The National Traction Engine Trust


A recent study into the social, cultural and economic value of the historic vehicle movement undertaken by the Federation of British Historic Vehicle Clubs (FBHVC) shows that activity resulting from interest in historic vehicles is worth at least £4.3 billion annually to the UK economy, supports employment for 28,000 people and yet is responsible for less than 0.25% of traffic.

These headline results were announced on 6 December to members of the All Party Parliamentary Historic Vehicle Group (APPHVG), the press and business leaders at a reception in the House of Lords hosted by Lord Montagu of Beaulieu, President of both FBHVC and APPHVG.

The research underpinning the report was carried out earlier in 2011 in conjunction with the Historic Vehicle Research Institute (HVRI) and is the third time that a team led by Geoff Smith, a Vice President of FBHVC and co-Founder of HVRI, has ‘measured’ the historic vehicle movement.  The last survey, in 2006, had found that the historic vehicle movement was worth £3.2 billion and supported employment for 27,000 people.

Commenting on the latest finding, Geoff said:

“It is encouraging that the economic value of the movement has at least been maintained in real terms despite recent difficult trading conditions, and it is excellent news that 1,000 more people are earning from the movement.  Traders are generally optimistic for the future, with many predicting growth leading to new jobs.  On the down side, many are concerned that the burden of regulations faced by small businesses may stifle this potential growth before it can start.”

The survey showed that the historic vehicle movement in general continues to enjoy a strong following amongst the general public who spend considerable sums on books, magazines, attending events and purchasing historic-vehicle related memorabilia. 

After learning of that survey showed that two-thirds of traders were concerned about potential restrictions on the use of historic vehicles, Mike Penning, Under Secretary of State at the Department for Transport with responsibility for Road Safety, commented:

“I’m pleased to be able to re-assure everyone that there is no intention whatsoever to restrict the use of historic vehicles.  I see them as important to our national heritage and would like to see more of them in use."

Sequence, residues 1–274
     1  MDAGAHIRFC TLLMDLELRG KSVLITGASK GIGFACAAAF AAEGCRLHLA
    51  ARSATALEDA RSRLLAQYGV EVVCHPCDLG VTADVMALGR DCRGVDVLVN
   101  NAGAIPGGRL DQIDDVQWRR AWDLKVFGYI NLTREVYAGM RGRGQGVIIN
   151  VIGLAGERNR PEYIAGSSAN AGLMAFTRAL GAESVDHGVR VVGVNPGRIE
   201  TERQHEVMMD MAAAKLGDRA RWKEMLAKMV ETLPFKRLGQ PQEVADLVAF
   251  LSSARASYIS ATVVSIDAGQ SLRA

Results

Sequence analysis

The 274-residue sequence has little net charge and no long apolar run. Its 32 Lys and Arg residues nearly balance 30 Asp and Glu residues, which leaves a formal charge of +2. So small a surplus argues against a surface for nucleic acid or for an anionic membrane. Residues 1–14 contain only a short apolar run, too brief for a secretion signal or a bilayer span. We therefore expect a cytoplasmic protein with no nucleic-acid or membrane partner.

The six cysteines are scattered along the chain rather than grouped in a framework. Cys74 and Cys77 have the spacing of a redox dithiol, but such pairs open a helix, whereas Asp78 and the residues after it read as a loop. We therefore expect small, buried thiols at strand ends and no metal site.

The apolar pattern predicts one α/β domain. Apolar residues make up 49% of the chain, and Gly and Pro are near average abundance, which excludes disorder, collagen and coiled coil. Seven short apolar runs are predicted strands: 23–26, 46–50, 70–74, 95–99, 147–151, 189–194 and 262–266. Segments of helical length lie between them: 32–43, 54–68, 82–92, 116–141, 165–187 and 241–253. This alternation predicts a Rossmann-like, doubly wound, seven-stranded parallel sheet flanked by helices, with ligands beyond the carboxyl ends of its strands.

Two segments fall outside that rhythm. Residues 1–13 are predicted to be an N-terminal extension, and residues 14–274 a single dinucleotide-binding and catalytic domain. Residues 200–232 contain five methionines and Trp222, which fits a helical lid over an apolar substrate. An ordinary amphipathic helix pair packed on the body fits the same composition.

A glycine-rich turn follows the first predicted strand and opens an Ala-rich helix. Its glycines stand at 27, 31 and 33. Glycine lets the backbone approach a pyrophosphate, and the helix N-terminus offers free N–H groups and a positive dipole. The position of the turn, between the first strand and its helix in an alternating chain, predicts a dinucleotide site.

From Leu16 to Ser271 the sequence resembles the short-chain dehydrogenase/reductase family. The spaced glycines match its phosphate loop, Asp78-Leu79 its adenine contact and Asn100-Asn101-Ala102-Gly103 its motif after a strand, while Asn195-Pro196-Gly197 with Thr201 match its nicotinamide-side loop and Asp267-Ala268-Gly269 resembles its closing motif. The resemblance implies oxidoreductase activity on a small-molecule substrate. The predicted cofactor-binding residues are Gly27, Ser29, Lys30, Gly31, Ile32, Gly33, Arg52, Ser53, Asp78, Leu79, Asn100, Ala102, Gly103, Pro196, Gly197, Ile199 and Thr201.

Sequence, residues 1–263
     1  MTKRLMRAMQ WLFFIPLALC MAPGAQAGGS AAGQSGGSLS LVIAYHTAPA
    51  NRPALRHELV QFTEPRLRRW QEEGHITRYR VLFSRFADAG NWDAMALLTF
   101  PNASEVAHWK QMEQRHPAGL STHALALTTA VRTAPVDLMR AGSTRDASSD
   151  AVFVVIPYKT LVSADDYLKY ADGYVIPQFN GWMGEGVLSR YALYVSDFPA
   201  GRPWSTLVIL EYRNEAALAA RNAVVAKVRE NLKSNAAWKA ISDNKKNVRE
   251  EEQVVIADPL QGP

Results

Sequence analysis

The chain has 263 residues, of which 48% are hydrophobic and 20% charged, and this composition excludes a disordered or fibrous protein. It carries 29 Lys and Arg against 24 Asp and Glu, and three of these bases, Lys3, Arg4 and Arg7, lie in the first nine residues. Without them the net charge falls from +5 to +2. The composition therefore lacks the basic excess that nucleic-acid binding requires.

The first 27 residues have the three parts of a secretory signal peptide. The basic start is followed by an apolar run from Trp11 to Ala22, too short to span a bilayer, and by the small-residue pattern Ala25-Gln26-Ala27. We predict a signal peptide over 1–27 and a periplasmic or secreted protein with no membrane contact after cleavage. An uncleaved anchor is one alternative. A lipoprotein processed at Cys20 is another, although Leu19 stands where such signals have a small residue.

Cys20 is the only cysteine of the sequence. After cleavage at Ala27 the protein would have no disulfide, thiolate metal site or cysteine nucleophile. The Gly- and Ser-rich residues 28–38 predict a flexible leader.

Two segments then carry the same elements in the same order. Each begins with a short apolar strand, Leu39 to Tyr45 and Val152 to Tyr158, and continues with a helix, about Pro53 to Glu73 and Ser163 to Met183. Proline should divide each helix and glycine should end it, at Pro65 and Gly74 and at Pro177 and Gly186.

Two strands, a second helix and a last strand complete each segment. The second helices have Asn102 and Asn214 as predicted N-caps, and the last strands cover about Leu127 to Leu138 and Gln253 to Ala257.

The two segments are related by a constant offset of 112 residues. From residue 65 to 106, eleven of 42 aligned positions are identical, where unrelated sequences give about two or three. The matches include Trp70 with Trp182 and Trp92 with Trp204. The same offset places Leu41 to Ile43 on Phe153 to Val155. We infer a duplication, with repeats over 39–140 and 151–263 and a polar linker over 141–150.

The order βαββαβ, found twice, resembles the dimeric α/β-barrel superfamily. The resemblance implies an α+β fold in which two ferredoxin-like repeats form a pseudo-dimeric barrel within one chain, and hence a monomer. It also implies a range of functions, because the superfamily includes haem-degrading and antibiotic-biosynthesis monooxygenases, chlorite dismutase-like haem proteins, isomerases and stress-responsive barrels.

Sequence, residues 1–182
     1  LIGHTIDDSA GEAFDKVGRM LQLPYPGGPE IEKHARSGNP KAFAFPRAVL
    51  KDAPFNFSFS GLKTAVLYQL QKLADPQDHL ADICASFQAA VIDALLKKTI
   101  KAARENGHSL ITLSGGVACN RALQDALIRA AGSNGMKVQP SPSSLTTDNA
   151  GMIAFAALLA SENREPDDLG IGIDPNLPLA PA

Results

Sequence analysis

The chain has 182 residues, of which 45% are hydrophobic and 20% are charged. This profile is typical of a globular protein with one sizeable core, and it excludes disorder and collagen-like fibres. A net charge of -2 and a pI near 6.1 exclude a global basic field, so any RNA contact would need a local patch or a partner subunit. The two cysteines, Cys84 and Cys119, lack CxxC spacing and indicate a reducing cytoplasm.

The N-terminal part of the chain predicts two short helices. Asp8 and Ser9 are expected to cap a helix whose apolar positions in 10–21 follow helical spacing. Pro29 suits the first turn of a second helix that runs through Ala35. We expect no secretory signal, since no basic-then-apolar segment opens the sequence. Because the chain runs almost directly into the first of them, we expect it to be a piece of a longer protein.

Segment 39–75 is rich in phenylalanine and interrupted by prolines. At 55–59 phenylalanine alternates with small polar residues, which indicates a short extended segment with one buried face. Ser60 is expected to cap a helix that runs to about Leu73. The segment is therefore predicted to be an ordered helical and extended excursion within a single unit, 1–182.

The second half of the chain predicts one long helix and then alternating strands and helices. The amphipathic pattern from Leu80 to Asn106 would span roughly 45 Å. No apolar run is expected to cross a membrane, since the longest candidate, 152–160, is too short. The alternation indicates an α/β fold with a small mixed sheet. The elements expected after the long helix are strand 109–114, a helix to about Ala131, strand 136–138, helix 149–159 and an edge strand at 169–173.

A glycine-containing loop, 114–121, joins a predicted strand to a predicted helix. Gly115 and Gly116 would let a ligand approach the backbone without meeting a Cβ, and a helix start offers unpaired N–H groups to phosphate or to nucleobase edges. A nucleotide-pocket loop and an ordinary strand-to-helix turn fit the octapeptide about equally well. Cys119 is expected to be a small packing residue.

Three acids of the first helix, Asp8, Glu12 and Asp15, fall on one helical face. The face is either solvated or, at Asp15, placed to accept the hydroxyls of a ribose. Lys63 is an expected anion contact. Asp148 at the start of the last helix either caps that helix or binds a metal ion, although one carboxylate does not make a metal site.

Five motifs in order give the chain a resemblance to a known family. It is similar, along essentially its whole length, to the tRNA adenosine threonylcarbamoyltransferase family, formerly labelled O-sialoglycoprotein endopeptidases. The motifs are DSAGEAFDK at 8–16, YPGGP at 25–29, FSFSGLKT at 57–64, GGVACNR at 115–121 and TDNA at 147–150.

Key findings and a PDF of the report can be found at

Please note:

The Federation of British Historic Vehicle Clubs exists to uphold the freedom to use historic vehicles on the road.  It seeks to achieve this by monitoring and, where necessary, influencing UK and European legislation to ensure that nothing is done that would interfere with the basic right to use a properly maintained vehicle on the road without need to destroy its historic integrity by modification.

FBHVC deals directly with UK politicians through the All Party Parliamentary Historic Vehicle Group as well with government departments, including agencies such as DVLA and VOSA.  It operates internationally through its membership of the Fédération Internationale des Véhicules Anciens (FIVA).  FIVA maintains a professional monitoring service in Brussels. 

FBHVC has long enjoyed excellent relationships with government in UK based on the understanding that nothing should be done that would require an old vehicle to perform to a higher standard than that which applied when it was new.  This position, where success is being achieved by cooperation rather than confrontation, results from the work that FBHVC has done over the years to show that the historic vehicle movement is properly organised, professional, responsible and extensive.  The movement plays a significant part in modern society.

FBHVC is managed on a voluntary basis and is funded by subscription from more than 500 membership organisations and museums that have an interest in older vehicles.  FBHVC also has direct support from a number of traders and private individuals who recognise the importance of the work undertaken by FBHVC. 



10 Dec 2011